Activism Subdued, But Artists Press On

The 2004 presidential election saw an unprecedented number of musicians coming out in support of either John Kerry or George W. Bush.

The 2004 presidential election saw an unprecedented number of musicians coming out in support of either John Kerry or George W. Bush. The hot-button topics and candidates in this off-year election -- California's proposition 75 or New Jersey governor's race -- are not exactly getting the music community ready to rock, but musicians have not completely abandoned their newfound political awareness, either.

Indie rock act TV On The Radio recently posted an anti-Bush song on the Web site of its label, Touch & Go Records, whereas country singer Mark Wills has presented the president with a custom-made guitar.

Meanwhile, U2 singer Bono has taken flak for posing with Bush, and Latin legend Willie Colon, who has been politically active for decades, is pals with New York Mayor Michael Bloomberg. On tour, Green Day has offered opt-out forms that people can use to be removed from military mailings.

The list could easily go on, as such top-selling acts as Kanye West and the Rolling Stones have taken partisan stances.

"Last year proved the Dixie Chicks fear wrong," says Molly Neitzel, executive director of Music for America, which partners with artists to spread a left-leaning political message. "If a critical mass of artists get political, it won't negatively affect their careers. For some bands, it even helps them."

MFA utilizes a volunteer network to pass out voter registration forms and issue cards at concerts and is currently working with more than 300 acts, ranging from Bloc Party to Lyrics Born to Ryan Adams. Next year, the nonprofit will release a fund-raising compilation curated by comedian David Cross.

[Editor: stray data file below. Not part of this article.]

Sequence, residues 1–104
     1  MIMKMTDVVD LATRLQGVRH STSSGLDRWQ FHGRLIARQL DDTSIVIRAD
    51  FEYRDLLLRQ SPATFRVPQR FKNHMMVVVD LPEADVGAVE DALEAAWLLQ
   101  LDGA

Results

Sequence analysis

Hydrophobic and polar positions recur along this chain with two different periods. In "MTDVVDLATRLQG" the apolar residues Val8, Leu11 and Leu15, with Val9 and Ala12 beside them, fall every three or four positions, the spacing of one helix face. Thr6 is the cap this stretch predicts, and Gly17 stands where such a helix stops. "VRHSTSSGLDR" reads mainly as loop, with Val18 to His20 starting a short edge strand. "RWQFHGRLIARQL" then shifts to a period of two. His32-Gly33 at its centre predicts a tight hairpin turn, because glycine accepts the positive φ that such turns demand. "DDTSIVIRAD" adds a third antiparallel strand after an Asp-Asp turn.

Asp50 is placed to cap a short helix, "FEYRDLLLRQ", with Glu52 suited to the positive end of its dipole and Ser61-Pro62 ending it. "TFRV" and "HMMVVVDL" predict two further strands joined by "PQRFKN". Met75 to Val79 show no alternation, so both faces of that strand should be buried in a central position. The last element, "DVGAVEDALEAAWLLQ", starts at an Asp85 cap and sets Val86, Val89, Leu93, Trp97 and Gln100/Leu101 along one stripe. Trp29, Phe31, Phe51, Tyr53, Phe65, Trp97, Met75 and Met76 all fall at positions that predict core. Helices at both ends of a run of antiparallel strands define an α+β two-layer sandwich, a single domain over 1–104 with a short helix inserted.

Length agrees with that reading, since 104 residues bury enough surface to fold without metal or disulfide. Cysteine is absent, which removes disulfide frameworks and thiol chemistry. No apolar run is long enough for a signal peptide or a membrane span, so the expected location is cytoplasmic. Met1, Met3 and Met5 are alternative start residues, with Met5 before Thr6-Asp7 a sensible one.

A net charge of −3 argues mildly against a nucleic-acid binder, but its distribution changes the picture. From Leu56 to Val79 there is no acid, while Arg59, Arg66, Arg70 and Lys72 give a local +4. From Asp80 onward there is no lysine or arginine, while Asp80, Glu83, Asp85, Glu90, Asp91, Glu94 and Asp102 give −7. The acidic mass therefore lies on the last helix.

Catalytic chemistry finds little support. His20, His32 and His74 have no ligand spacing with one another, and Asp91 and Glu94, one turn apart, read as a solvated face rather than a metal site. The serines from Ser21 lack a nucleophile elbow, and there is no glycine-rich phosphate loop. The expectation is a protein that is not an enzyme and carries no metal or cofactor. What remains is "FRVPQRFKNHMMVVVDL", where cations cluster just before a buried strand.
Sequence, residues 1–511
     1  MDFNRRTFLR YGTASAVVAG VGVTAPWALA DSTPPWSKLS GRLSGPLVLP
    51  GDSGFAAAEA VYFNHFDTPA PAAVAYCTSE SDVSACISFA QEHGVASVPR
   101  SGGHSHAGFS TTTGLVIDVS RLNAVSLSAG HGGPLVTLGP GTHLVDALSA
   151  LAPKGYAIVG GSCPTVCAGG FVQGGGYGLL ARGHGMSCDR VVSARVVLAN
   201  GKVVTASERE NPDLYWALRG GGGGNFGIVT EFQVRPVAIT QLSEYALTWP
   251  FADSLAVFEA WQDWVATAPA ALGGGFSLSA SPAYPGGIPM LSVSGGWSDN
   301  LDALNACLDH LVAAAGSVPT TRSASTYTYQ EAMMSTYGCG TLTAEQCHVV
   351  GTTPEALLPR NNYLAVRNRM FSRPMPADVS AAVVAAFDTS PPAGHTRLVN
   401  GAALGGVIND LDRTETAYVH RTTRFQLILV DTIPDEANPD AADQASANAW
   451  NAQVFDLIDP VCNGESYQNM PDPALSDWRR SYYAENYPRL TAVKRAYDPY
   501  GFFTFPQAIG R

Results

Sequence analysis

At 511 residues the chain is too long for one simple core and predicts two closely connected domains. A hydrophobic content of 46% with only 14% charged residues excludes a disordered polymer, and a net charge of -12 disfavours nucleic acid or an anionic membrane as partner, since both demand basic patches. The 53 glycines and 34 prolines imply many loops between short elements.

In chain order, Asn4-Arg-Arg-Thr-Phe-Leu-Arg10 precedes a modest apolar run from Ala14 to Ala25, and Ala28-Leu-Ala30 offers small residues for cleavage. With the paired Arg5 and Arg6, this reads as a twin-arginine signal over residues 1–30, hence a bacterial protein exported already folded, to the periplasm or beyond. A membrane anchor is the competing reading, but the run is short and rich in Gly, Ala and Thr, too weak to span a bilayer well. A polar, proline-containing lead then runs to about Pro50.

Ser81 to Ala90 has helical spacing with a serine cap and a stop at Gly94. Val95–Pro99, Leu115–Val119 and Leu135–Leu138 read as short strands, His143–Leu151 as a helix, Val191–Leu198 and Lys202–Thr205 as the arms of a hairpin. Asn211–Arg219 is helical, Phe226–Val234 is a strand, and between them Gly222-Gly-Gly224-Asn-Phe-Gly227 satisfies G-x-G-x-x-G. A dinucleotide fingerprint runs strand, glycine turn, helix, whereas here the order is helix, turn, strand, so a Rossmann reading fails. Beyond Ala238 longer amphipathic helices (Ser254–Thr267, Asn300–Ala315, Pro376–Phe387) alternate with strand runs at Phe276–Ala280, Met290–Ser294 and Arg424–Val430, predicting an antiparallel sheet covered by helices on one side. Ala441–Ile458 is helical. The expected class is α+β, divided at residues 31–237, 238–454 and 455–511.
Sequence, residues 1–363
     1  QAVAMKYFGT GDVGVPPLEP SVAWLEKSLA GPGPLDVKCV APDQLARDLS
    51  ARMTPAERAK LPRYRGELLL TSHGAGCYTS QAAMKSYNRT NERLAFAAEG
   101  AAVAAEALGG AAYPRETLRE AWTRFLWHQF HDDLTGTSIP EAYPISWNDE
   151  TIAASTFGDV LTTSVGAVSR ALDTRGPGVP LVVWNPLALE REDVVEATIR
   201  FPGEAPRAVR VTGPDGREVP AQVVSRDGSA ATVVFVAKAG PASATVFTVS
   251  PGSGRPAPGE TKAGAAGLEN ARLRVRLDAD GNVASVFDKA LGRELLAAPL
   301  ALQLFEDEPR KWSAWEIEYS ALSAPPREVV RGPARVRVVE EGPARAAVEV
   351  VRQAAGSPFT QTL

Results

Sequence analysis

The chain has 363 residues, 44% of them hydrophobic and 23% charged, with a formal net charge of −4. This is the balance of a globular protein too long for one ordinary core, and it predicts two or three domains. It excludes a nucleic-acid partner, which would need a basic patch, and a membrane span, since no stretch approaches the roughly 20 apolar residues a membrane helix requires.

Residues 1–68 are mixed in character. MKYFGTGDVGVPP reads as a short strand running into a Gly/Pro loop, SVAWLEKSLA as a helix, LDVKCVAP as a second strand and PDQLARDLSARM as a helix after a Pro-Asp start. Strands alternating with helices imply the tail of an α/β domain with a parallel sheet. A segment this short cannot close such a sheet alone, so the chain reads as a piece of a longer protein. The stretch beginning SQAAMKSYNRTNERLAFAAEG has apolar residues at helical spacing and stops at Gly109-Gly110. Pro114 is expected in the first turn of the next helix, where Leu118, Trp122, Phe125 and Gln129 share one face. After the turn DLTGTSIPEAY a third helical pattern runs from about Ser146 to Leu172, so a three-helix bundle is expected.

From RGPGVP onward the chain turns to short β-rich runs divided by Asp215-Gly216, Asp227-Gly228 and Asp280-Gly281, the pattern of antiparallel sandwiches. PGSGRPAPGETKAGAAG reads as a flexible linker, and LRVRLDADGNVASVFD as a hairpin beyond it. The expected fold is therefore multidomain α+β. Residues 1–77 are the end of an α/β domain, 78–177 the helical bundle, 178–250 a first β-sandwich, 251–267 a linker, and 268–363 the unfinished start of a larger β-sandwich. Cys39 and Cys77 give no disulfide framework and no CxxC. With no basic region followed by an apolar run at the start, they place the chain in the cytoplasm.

Neitzel cites MFA supporter Death Cab for Cutie as one band whose political leanings have not hurt its career. "When [Death Cab] started to come out pretty partisan at their shows," Neitzel says, "they attracted the attention of those planning the Vote for Change tour and opened for Pearl Jam."

The Vote for Change tour was spearheaded by political action committee MoveOn, a group that has fostered strong relationships with such acts as Moby, Green Day and the Black Eyed Peas. A number of artists who worked with MoveOn prior to the 2004 election are helping sister organization MoveOn Civic Action, a nonprofit currently raising funds for hurricane victims.

Foo Fighters performed at rallies for Democratic presidential candidate Kerry, and guitarist Chris Shiflett has since invited the Howard Dean-affiliated Discovery for America and progressive research institute Center for American Progress to set up shop at the band's shows.

"We have some progressive fans," Shiflett says, "but we're a pretty middle-of-the-road, mainstream band. If we turn people on to some different ideas, that's a good thing."

Punkvoter, launched by Fat Wreck Chords, has already released multiple volumes of the compilation series "Rock Against Bush." Without a major national election this year, the group has turned to other causes. It recently supported the 26-track CD "Protect: A Benefit for the National Association to Protect Children."

"One of the ideas we're trying to promote now is that voting isn't enough to be a responsible citizen," Punkvoter co-founder Toby Jegg says. "You need to be responsible in your purchases and act as a responsible person. We can still encourage that in nonelection months."

Jegg says the organization will begin ramping up efforts next year for the 2006 congressional elections, hoping to regain the momentum of the 2004 campaign. "We don't want people to feel marginalized or disenfranchised. We had an ad campaign right after the election that made it clear that we are not going away."